TALLAHASSEE, Fla. — Gov. Ron DeSantis has drafted “anti-mob” legislation that would expand Florida’s Stand Your Ground law — a move that critics say will allow armed citizens to shoot suspected looters or anyone engaged in “criminal mischief” that disrupts a business.Lawyers say it’s just one of the many troubling aspects of the draft bill being pushed by the Republican governor in response to police-brutality protests that erupted across Florida and the United States this summer.“It allows for vigilantes to justify their actions,” said Denise Georges, a former Miami-Dade County prosecutor who...
How a group of Seahawks donated — perhaps unwittingly — to politicians who oppose their views
SEATTLE — Republican Sen. Thom Tillis and Congressman Anthony Gonzalez aren’t exactly known for supporting the actions or wishes of NFL players kneeling during the national anthem.Tillis, of North Carolina, has openly scolded players for “commandeering” football games in support of racial equality and against police brutality, while former NFL wideout Gonzalez, of Ohio, maintains he always stood at attention out of “gratitude” for the nation’s troops and “how lucky” he was to be an American. When a House bill was put forth in June to curb police powers after George Floyd, an unarmed Black man,...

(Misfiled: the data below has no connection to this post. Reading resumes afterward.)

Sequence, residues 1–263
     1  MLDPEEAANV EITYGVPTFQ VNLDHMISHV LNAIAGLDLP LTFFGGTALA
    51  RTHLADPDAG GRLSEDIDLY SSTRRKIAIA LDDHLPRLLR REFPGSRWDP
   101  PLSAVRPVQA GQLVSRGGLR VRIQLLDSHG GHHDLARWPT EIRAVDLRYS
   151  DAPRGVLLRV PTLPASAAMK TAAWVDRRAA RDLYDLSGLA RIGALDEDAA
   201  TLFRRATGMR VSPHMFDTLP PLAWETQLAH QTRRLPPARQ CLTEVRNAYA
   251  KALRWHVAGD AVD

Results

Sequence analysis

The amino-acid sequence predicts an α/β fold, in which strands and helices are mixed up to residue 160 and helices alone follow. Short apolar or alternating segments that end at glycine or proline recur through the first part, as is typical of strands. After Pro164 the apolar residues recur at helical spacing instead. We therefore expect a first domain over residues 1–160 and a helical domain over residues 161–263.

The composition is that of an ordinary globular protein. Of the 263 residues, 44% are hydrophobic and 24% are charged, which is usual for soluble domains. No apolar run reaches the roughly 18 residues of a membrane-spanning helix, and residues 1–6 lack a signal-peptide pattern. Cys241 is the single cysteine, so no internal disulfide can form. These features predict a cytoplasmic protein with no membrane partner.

The Seattle Times
Grocery prices are down from their COVID-19 summer peaks. But here's why your food bills are still stubbornly high.
Eva Rosol was stunned during the summer when a rotisserie chicken that she could normally find on sale for $6 suddenly set her back $15.Rosol, a resident of the Chicago suburb Westmont, Ill., who lost her job as a substitute teacher when COVID-19 shut schools in March, could afford it thanks to the extra $600 per week in unemployment benefits the federal government offered during the first four months of the pandemic. But those extra benefits expired in late July.Now Rosol, 54, who has a business degree and is seeking a job in sales, receives $108 weekly in unemployment aid. Meanwhile, her hus...